Searching for Authenticity in Gendered Touristic Experience:Female Backpackers in Australia Wendy Hillman
The gentrification of Brooklyn has been one of the most striking developments in recent urban history. Considered one of the city´s most notorious industrial slums in the 1940s and 1950s, Brownstone Brooklyn by the 1980s had become a post-industrial landscape of hip bars, yoga studios, and beautifully renovated, wildly expensive townhouses. In The Invention of Brownstone Brooklyn, Suleiman Osman offers a groundbreaking history of this unexpected transformation. Challenging the conventional wisdom that New York City´s renaissance started in the 1990s, Osman locates the origins of gentrification in Brooklyn in the cultural upheavals of the 1960s and 1970s. Gentrification began as a grassroots movement led by young and idealistic white college graduates searching for ´´authenticity´´ and life outside the burgeoning suburbs. Where postwar city leaders championed slum clearance and modern architecture, ´´brownstoners´´ (as they called themselves) fought for a new romantic urban ideal that celebrated historic buildings, industrial lofts and traditional ethnic neighborhoods as a refuge from an increasingly technocratic society. Osman examines the emergence of a ´´slow-growth´´ progressive coalition as brownstoners joined with poorer residents to battle city planners and local machine politicians. But as brownstoners migrated into poorer areas, race and class tensions emerged, and by the 1980s, as newspapers parodied yuppies and anti-gentrification activists marched through increasingly expensive neighborhoods, brownstoners debated whether their search for authenticity had been a success or failure. The Invention of Brownstone Brooklyn deftly mixes architectural, cultural and political history in this eye-opening perspective on the post-industrial city. 1. Language: English. Narrator: Marc Cashman. Audio sample: http://samples.audible.de/bk/adbl/015514de/bk_rhde_002536_sample.mp3. Digital audiobook in aax.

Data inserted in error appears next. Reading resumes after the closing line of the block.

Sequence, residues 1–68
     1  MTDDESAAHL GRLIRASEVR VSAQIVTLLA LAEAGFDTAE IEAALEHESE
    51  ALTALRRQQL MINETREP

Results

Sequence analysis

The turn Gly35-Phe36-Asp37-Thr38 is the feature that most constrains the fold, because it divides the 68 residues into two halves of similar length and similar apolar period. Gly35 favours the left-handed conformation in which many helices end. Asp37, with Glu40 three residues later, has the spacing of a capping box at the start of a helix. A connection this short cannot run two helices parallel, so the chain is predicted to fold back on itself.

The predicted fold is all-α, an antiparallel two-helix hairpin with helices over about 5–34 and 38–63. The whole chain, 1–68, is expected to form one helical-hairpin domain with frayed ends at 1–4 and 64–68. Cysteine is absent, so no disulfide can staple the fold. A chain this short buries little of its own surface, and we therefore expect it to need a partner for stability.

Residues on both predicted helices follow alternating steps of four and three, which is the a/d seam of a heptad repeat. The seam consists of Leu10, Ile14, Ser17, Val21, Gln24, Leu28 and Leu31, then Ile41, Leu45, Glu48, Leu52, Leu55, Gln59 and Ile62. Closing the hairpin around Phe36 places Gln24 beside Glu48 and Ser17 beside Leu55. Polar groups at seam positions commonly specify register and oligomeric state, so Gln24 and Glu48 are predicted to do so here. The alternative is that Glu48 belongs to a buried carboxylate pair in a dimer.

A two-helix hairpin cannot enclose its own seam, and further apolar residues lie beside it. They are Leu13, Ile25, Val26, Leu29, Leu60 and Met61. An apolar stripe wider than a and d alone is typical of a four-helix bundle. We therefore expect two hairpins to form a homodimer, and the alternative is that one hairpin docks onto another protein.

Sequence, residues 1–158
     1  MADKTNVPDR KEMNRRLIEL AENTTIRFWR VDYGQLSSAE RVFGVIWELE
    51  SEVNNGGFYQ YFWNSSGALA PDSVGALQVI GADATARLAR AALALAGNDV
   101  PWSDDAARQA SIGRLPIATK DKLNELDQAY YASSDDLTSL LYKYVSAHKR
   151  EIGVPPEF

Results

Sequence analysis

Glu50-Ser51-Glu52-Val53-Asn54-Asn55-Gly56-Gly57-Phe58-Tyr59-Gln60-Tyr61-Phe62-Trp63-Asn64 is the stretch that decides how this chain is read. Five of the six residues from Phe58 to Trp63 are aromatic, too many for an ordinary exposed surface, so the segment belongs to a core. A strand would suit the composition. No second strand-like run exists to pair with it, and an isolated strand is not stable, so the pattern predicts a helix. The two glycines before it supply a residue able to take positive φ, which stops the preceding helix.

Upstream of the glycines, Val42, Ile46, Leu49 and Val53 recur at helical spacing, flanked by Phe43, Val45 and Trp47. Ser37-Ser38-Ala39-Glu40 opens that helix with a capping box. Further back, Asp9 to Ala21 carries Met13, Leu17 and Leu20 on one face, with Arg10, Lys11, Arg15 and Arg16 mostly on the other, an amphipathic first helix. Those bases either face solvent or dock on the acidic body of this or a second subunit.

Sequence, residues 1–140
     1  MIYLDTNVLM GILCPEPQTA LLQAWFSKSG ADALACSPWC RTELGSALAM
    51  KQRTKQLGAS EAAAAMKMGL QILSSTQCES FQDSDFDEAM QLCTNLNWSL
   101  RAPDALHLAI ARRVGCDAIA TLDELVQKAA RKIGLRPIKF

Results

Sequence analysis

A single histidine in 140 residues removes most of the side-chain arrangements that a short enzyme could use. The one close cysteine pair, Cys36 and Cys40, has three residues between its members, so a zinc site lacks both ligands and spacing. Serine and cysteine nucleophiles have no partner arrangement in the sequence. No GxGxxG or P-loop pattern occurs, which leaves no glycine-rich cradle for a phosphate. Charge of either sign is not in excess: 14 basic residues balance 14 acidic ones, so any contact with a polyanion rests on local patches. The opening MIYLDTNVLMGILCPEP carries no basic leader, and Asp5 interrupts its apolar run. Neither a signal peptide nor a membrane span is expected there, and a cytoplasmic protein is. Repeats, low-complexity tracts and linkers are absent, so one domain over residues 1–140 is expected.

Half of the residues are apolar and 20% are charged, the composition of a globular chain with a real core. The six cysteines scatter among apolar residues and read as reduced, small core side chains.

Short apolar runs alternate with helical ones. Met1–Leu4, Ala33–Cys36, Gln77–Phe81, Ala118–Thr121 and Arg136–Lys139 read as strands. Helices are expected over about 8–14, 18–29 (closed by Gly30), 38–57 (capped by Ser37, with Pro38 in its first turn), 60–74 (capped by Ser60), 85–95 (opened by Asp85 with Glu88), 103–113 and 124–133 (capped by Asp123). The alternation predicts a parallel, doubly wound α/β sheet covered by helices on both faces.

Oren is a young boy who is searching for a world of authenticity and good. He wants to restore humanity and feels that the way people treat one another is detrimental to the human spirit. He is beginning to lose hope and decides to take comfort in his blanket. He then goes to a magical forest, Emermarie, where he is greeted by a mountain bluebird, who turns his blanket into a magical cure for the entire world. The bluebird places ingredients in the blanket, then magically wraps the world so it has started anew. Oren realizes though, that the magical ingredients really don´t have to be magic. They are ingredients that humans can and already hold within their spirit. Can human-kind continue to provide these ingredients after the world has started anew?...
Through much of the 20th century, federal policy toward Indians sought to extinguish all remnants of native life and culture. That policy was dramatically confronted in the late 1960s when a loose coalition of hippies, civil rights advocates, Black Panthers, unions, Mexican-Americans, Quakers and other Christians, celebrities, and others joined with Red Power activists to fight for Indian rights. In Hippies, Indians and the Fight for Red Power, Sherry Smith offers the first full account of this remarkable story. Hippies were among the first non-Indians of the post-World War II generation to seek contact with Native Americans. The counterculture saw Indians as genuine holdouts against conformity, inherently spiritual, ecological, tribal, communal - the original ´´long hairs´´. Searching for authenticity while trying to achieve social and political justice for minorities, progressives of various stripes and colors were soon drawn to the Indian cause. Black Panthers took part in Pacific Northwest fish-ins. Corky Gonzales´ Mexican American Crusade for Justice provided supplies and support for the Wounded Knee occupation. Actor Marlon Brando and comedian Dick Gregory spoke about the problems Native Americans faced. For their part, Indians understood they could not achieve political change without help. Non-Indians had to be educated and enlisted. Smith shows how Indians found, among this hodge-podge of dissatisfied Americans, willing recruits to their campaign for recognition of treaty rights; realization of tribal power, sovereignty, and self-determination; and protection of reservations as cultural homelands. The coalition was ephemeral but significant, leading to political reforms that strengthened Indian sovereignty. Thoroughly researched and vividly written, this book not only illuminates this transformative historical moment but contributes greatly to our understanding about social movements. 1. Language: English. Narrator: Kristin Price. Audio sample: http://samples.audible.de/bk/adbl/011568de/bk_rhde_002536_sample.mp3. Digital audiobook in aax.